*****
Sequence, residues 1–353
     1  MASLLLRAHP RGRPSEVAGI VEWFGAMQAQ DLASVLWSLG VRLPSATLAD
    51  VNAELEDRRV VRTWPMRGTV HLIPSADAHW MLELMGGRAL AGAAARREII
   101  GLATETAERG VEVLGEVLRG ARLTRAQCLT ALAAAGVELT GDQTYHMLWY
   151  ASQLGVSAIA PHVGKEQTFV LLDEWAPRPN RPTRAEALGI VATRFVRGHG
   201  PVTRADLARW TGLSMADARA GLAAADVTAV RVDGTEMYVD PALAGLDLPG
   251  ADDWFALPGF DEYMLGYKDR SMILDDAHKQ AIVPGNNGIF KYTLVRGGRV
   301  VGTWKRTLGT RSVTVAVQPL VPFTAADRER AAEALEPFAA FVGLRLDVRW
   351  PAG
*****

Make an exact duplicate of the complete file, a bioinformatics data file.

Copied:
Sequence, residues 1–353
     1  MASLLLRAHP RGRPSEVAGI VEWFGAMQAQ DLASVLWSLG VRLPSATLAD
    51  VNAELEDRRV VRTWPMRGTV HLIPSADAHW MLELMGGRAL AGAAARREII
   101  GLATETAERG VEVLGEVLRG ARLTRAQCLT ALAAAGVELT GDQTYHMLWY
   151  ASQLGVSAIA PHVGKEQTFV LLDEWAPRPN RPTRAEALGI VATRFVRGHG
   201  PVTRADLARW TGLSMADARA GLAAADVTAV RVDGTEMYVD PALAGLDLPG
   251  ADDWFALPGF DEYMLGYKDR SMILDDAHKQ AIVPGNNGIF KYTLVRGGRV
   301  VGTWKRTLGT RSVTVAVQPL VPFTAADRER AAEALEPFAA FVGLRLDVRW
   351  PAG